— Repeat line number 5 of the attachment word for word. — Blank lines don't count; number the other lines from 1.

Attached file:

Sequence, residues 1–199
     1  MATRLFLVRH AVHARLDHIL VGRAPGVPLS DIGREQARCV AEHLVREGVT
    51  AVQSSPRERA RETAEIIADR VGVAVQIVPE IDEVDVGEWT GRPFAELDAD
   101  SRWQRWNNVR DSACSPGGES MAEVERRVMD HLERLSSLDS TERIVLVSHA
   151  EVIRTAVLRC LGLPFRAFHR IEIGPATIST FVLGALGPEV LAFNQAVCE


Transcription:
   151  EVIRTAVLRC LGLPFRAFHR IEIGPATIST FVLGALGPEV LAFNQAVCE